City breaks ground on $215 million expansion of wastewater plant


City officials break ground on construction to expand the Sioux Falls Water Reclamation Plant on Tuesday, May 3, 2022.

Sioux Falls has officially broken ground on a massive $215 million expansion of the city’s water reclamation plant that will increase its capacity in order to keep up with the pace of the city’s growth.

Several city leaders and officials spoke at the event on Tuesday morning, thanking numerous people who have been involved in the process, which has been in the works since a facility master plan was finalized in early 2018.

Cost escalations have hit the project since then — the initial estimate for the project was $159 million, which has crept up as inflation raises the price of steel, concrete, labor and more.

“We need to break ground quick, or the costs are going to keep going up on this place,” joked Mayor Paul TenHaken at the event.

A series of sewer rate increases between 2020 and 2023 had been pitched as part of the funding when they were passed in 2018, although obviously aimed at the original cost figure.

Director of Public Works Mark Cotter said that the cost escalations “will essentially be offset by American Rescue Plan Act grant funding,” which would total $48,700,000 secured and administered through the state’s Board of Water and Natural Resources.

While Cotter had said in 2018 that the department was forecasting rate increases of 3% in 2024 through 2030, he wouldn’t comment on the likelihood of that remaining accurate, saying that a rate analysis expected for 2023 would put the city in a better position to answer.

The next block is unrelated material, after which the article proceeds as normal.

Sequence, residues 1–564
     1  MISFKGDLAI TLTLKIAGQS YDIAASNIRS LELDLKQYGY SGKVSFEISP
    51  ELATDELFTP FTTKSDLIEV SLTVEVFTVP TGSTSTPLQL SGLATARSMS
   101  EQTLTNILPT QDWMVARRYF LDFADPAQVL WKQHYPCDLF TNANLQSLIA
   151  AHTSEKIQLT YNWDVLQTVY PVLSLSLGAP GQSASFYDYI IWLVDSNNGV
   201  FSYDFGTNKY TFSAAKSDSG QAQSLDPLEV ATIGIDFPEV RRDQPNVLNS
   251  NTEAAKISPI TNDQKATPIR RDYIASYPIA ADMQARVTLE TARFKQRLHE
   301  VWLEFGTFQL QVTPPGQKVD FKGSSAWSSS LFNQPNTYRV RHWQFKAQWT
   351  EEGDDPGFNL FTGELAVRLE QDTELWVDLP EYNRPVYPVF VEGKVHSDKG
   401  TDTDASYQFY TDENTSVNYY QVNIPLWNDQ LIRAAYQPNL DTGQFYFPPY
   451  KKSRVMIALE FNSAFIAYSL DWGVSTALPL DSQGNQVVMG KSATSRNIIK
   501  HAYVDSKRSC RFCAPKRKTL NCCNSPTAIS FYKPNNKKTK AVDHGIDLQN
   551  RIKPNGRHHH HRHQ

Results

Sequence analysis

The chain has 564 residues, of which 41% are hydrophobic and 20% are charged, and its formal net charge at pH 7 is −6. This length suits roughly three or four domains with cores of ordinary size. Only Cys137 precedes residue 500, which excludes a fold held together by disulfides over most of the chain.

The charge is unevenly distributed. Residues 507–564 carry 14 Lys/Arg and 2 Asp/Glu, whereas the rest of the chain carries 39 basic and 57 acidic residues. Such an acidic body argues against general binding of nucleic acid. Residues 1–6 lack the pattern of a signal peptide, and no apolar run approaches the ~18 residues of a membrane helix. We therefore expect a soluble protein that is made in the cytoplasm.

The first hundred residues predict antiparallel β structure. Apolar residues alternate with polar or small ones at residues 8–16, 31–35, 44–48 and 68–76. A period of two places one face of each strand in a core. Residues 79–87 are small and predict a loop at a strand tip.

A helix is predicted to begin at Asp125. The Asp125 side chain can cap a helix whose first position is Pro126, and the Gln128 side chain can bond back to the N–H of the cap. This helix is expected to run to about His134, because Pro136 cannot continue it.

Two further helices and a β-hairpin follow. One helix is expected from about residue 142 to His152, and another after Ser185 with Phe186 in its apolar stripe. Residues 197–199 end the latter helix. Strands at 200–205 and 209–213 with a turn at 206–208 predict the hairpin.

Improvements made during the construction, which is expected to be complete by 2025, will include a three-story “headworks” building, where water initially enters the treatment process, to replace the current building.

The expansion will lift the plant’s capacity from 21 million gallons per day to 30.1 million gallons per day. While the largest pipe currently in use at the plant is 48 inches across, post-expansion, the plant will have a pipe measuring a full 72 inches, or 6 feet.

New generators will be added to the plant, which will also receive a complete electrical overhaul, said Operations Manager Mark Hierholzer, and the plant’s control unit will also be upgraded.

Three more massive tanks where wastewater is treated by microbes will be added, as well as four “final clarifiers,” large circular pools where solids separate from treated water.

An area of the plant where water is treated with bleach will also be expanded, and more storage tanks will be added.

It’s a series of much-needed changes that will help the plant grow — “an extremely challenging project,” Hierholzer said, especially when you can’t simply switch the plant off to get it all installed.

But it’s exciting to get it in placed before they need it, he added. While TenHaken and others at the groundbreaking praised the planning that put this plant in the far northeast of the city where many people don’t even know it exists, it has a major impact.

“If we didn’t do this work here,” Hierholzer said, “we would decimate the Big Sioux River for hundreds of miles downstream.”

Henry Carlson Construction has partnered with McCarthy Building on this project. Read the story at the Argus Leader.